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When large stocks sneeze small stocks catch colds. But a select group of smaller stocks are resistant to downturns because they are less volatile than their peers and pay dividends along the way.

I used a combined injection of low-volatility and dividends on large stocks to form the Stable Dividend portfolio. This time around I’m using a similar approach to inoculate smaller stocks to form the, imaginatively named, Smaller Stable Dividend portfolio.

The new portfolio starts off with the 400 largest common stocks on the TSX based on market capitalization and then focuses in on the smallest 100 of them.

The largest 300 stocks on the TSX have market capitalizations of more than about $520-million. On the other hand, the next 100 have market capitalizations between about $240-million and $520-million.

In other words, the smaller stocks are pretty small but they’re not tiny. It should be reasonably easy to carefully build a modest position in most of them. But extra caution is always suggested when dealing with smaller firms.

I put the 100 smaller stocks into an equally weighted portfolio and headed off to the back-tester to gauge the returns they offer. The 100-stock portfolio gained an average of 11.1 per cent from the end of 1999 to the end of 2021 when rebalanced annually. The Canadian market, as represented by the S&P/TSX Composite Index, gained an average of 7 per cent annually over the same period. (The returns herein are based on monthly data from Bloomberg and include dividend reinvestment. They do not include fund fees, taxes, inflation, commissions, or other trading frictions.)

Dividend paying stocks often provide a nice return boost in Canada. The smaller stocks were no exception because a portfolio containing only the dividend payers from the smaller 100 stocks provided an average annual return of 13.2 per cent from the end of 1999 to the end of 2021 when equally weighted and rebalanced annually. The portfolio was also less volatile than the 100-stock portfolio.

The Smaller Stable Dividend portfolio takes this one step further. It starts with the 100 smaller stocks, focuses on the dividend payers – and then picks the 20 stocks with the lowest volatilities (over the prior 260 days). Doing so provided another boost to returns, with average annual gains of 13.9 per cent from the end of 1999 to the end of 2021 when the portfolio was equally weighted and rebalanced annually.

The returns improved slightly when the 20-stock portfolio was rebalanced monthly, instead of annually, which resulted in average annual returns of 14.3 per cent from the end of 1999 to the end of November, 2022. The S&P/TSX Composite Index climbed by an average of 6.7 per cent annually over the same period. You can see the healthy returns in the accompanying chart.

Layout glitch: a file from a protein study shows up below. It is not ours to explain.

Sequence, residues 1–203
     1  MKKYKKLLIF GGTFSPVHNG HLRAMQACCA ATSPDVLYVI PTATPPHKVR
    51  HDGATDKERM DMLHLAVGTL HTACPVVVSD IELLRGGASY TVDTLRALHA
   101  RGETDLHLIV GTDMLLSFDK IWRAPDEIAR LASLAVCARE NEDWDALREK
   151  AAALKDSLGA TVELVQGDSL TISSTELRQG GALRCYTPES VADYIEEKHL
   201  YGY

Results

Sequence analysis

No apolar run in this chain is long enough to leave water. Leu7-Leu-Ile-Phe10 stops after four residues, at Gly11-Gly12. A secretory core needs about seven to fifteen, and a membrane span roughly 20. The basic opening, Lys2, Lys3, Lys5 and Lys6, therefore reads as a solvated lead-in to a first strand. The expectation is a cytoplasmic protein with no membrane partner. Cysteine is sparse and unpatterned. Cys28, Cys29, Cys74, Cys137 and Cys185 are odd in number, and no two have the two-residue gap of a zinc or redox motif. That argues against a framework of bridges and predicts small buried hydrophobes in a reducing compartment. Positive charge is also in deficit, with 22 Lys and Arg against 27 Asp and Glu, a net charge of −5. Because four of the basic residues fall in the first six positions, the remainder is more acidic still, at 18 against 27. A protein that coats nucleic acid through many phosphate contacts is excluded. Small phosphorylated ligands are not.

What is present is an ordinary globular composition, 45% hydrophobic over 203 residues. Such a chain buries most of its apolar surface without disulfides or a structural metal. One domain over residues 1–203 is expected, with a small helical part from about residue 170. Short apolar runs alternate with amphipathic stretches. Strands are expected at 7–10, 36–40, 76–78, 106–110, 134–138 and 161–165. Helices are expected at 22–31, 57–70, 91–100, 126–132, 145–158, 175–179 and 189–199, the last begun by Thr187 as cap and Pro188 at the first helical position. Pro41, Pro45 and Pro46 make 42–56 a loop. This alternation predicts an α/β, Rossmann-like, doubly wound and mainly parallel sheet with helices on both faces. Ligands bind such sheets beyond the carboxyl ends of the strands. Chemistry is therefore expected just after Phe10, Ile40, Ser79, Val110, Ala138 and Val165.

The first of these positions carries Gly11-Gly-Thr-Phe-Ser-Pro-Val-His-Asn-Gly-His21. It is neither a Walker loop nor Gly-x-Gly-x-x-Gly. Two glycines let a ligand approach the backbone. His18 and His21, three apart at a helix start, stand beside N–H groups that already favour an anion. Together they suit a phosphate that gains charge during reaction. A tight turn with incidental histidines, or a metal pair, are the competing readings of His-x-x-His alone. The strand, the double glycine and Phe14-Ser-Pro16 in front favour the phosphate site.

The Smaller Stable Dividend portfolio also lived up to its name in that it was roughly 30 per cent less volatile (as measured by its standard deviation) than the equally weighted portfolio of 100 smaller stocks.

But the portfolio’s relative placidity didn’t save it from market downturns. The second chart shows periods when the portfolio, and market index, fell from their prior highs.

The Smaller Stable Dividend portfolio sailed through the collapse of the internet bubble in the early 2000s with hardly a scratch. But that downturn was largely concentrated in high-tech darlings and telecom stocks while many of the smaller stocks that languished in the late 1990s enjoyed a resurgence.

The portfolio managed to dodge the worst of the financial collapse of 2008 when it fell 34 per cent versus the S&P/TSX Composite Index’s decline of 43 per cent, based on monthly data. But it fared a little worse during the sudden COVID-caused crash of 2020 when it fell 30 per cent versus a 25-per-cent decline for the index.

Investing in stocks was not without risk – even after a couple of inoculations. Currently, the Smaller Stable Dividend portfolio sports an average dividend yield of 5.3 per cent and average price-to-earnings ratio of 11.3. Of the 20 stocks in the portfolio, I happen to own small positions in AGF Management Ltd. (AGF.B), Exco Technologies Ltd. (XTC), and Pizza Pizza Royalty Corp. (PZA).

You can find the complete portfolio here, along with updates to the Stable Dividend, Frugal Dividend, and Monster Dividend portfolios.

With a little luck, the Smaller Stable Dividend portfolio will continue to live up to its name and provide healthy returns over the long term.

Norman Rothery, PhD, CFA, is the founder of StingyInvestor.com.

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